Once I arrive I pay off my now very nervous and edgy motorbike taxi. It's there that I hook up with several photojournalist friends and we decide to walk the length of the Plaza down towards the U.N. building. Every road going in and out of the area is blocked by at least two tanks and every vehicle is stopped and turned away. We were, however, in no way hindered as we worked, and in fact it all felt rather "normal." It's then that I notice that all the soldiers have tied yellow ribbons around their arms and around the barrels of their weapons. This is to show their loyalty to the King of Thailand, the revered King Bhumibol Adulyadej, who has endorsed the coup -- yellow being the color of the Royal Household. We get what pictures we can along the way and then move on to the offices of the coup leaders themselves, at the Royal Thai Military headquarters. With the exception of two tanks at each end of the road and a few armed guards outside the compound, the area is quiet and we decide to call it a night and take the opportunity to go and file our pictures. It was 3 a.m. When I get back home a quick look on the TV revealed that all international news channels had been taken off the air.

After a couple of hours' sleep I got a call from another friend of mine who was also covering the story. We arrange to meet outside the Thai military headquarters about an hour later. The scene that I arrive to is so unbelievably different from the one I saw the night before. There are now huge crowds of people gathered at the main gate, and they are all holding large bunches of what appear to be roses. As I get closer and move in and amongst the crowds I see that roses have been put all over the place. Soldiers are holding bunches of them; they are in their pockets, in their helmets, even poking out from the barrels of their M-16 rifles. The tanks and armored vehicles lining the roads have roses placed in every conceivable nook and cranny and every time a vehicle enters or leaves the Thai military compound it is showered by a hail of flora, along with cheering and clapping from the crowd. I even witness small children clambering up onto tanks to pass flowers to the crew sitting on the turret. The soldiers and tank crews themselves look relaxed as they pass the time reading newspapers and eating food, much of it handed to them in large plastic bags by members of the public.

Children climb on an M-41 tank in the Thai capital. Troops loyal to army chief General Sonthi Boonyaratkalin the previous night staged a coup d'etat in Bangkok to oust caretaker Prime Minister Thaksin Shinawatra. Sept. 20, 2006.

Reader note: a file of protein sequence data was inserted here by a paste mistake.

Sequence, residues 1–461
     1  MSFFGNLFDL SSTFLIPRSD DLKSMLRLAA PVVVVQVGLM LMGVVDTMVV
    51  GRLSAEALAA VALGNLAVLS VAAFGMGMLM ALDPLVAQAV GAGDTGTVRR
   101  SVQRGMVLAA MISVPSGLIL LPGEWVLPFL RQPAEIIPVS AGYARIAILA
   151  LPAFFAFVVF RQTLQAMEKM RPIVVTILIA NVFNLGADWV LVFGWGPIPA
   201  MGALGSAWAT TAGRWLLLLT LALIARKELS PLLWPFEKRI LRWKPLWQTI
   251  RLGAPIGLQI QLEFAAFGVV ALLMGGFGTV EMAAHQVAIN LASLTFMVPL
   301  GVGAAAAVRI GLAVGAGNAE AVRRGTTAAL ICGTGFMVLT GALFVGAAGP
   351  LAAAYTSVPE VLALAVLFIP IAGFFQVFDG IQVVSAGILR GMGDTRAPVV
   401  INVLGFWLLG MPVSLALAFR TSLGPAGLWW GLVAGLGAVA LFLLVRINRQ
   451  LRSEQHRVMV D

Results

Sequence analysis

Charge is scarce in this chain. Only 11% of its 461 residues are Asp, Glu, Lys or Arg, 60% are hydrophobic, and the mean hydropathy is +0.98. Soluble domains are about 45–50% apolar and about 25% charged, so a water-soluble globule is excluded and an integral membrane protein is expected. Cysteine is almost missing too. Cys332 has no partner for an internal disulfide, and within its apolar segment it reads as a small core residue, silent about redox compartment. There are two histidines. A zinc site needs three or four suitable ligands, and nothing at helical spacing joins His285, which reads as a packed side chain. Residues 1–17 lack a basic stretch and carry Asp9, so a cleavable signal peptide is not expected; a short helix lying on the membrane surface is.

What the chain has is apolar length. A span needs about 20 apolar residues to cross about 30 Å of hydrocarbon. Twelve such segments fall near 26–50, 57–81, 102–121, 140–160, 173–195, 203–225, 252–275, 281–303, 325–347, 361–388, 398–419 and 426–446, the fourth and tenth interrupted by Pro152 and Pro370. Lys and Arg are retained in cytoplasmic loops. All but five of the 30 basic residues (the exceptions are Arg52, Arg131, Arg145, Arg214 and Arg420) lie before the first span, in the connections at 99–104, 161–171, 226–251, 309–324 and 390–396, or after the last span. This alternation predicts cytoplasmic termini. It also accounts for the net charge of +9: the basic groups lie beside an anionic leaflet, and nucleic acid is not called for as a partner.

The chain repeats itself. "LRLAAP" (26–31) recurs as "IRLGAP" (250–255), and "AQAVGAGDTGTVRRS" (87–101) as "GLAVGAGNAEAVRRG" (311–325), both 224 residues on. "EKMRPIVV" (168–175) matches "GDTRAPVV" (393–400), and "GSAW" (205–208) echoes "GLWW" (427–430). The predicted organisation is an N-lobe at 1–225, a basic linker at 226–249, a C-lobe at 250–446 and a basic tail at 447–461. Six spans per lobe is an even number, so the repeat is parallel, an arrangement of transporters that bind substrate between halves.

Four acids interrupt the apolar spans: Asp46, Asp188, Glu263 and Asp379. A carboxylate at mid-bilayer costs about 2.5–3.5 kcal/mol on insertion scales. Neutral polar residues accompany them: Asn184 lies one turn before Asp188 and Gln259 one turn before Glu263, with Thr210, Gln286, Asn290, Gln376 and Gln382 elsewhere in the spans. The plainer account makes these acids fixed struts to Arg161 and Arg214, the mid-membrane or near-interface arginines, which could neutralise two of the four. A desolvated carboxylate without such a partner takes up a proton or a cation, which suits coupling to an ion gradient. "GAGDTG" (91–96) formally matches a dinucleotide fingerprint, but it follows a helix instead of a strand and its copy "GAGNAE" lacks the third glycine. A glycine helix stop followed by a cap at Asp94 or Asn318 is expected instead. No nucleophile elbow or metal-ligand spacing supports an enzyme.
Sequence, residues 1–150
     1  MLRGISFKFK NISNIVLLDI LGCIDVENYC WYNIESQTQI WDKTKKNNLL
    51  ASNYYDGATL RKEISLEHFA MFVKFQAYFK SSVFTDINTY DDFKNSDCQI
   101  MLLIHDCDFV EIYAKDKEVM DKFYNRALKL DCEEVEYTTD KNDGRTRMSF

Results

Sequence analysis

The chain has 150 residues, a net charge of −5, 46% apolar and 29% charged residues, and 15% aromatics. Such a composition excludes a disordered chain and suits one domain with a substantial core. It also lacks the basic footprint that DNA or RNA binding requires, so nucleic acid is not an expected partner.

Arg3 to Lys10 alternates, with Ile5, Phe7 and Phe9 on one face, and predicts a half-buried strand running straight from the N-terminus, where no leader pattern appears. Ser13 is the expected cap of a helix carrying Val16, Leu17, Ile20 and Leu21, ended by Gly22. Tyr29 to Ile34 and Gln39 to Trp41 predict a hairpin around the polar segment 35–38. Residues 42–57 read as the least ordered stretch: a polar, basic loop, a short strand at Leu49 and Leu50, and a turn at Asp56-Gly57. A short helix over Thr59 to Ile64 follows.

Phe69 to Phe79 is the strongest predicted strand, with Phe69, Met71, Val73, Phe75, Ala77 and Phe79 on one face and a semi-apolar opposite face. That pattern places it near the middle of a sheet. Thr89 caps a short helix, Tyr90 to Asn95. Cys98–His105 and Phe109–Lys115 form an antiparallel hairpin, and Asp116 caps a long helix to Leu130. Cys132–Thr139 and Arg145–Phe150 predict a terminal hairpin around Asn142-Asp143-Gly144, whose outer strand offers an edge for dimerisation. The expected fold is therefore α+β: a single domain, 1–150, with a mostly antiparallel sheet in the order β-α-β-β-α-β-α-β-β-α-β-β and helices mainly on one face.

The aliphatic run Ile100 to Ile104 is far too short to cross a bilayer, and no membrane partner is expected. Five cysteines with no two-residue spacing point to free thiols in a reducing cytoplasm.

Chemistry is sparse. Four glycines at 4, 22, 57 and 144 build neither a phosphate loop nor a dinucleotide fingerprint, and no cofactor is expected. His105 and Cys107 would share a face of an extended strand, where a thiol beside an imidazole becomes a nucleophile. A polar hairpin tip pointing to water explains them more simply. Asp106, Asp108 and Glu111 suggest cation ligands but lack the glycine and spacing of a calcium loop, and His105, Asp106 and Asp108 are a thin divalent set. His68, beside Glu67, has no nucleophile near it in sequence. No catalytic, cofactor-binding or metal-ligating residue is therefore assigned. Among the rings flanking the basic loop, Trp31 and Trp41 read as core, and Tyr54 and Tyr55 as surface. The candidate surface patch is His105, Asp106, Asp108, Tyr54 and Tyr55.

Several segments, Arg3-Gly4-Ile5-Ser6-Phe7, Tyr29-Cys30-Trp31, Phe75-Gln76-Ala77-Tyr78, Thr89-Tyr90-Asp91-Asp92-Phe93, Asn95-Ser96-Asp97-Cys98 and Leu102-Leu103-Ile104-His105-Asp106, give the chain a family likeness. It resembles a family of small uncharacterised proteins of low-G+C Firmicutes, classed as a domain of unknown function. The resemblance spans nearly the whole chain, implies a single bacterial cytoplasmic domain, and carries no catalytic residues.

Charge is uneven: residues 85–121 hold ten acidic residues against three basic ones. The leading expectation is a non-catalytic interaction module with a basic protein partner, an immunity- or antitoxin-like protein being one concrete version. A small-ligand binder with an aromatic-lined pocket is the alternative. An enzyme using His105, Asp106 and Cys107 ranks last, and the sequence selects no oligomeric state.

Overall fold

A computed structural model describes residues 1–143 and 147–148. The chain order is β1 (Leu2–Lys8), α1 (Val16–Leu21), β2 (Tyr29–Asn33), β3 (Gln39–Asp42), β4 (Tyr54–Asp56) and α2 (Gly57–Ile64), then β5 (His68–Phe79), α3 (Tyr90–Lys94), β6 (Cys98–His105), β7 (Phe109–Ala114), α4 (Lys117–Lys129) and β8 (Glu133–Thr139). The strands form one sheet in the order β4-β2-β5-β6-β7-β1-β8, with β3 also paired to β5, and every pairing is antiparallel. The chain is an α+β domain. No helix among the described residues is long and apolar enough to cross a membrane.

Richard Humphries/Polaris
By the early afternoon there are so many people walking around looking at the tanks, getting their pictures taken, it's simply amazing. Parts of Bangkok have now taken on an almost carnival atmosphere. This despite the fact that we are now under martial law and any public gatherings of more that five people are banned, as well as any public discussions of a political nature.

I spent the rest of the day hopping in and out, and on and off various types of transportation while trying to get as much coverage of the story as I can. Throughout my day I crisscross Bangkok, going from the Royal Grand Palace to Hualamphomg train station and from the shopping malls in Siam back to the Royal Plaza once again. But as my New York deadline starts to loom I make the decision to call it a day and head home to file the day's take.

As I look through my pictures I cannot help thinking to myself, "Where will this all lead?" The new government has stated that these measures are only temporary and that it will restore power back to the people in the form of general elections as soon as possible. I hope that the festive scenes that I have witnessed over that last 24 hours will lead to a peaceful and transparent transition of power.

As I finish captioning the last picture and get ready to file I realize with complete horror that my Internet connection is down. Is this the final move by the coup leaders to block all international news coverage? With 30 minutes to my deadline, I hop in a taxi and head to the Landmark Hotel on Sukhumvit Road to use the 24-hour Wi-Fi that I know they have in their lobby. I make the deadline, just. It's 4 a.m.

© Richard Humphries

Richard Humphries is a Bangkok-based photojournalist covering South-East Asia, specializing in documentary photojournalism and regional news photography. Richard has been shooting as a professional photographer for about 10 years or so and has lived in Indonesia and Malaysia before recently moving to Thailand. He has worked on various assignments throughout the region and is represented by Polaris Images. His work has appeared in publications such as Time Asia, Newsweek, and The New York Times. He speaks fluent Indonesian and Malayu. Richard is currently working on a long-term documentary project in Thailand's deep south, photographing the daily life of the Muslim population as it struggles to deal with a violent Islamic insurgency. Visit his Web site,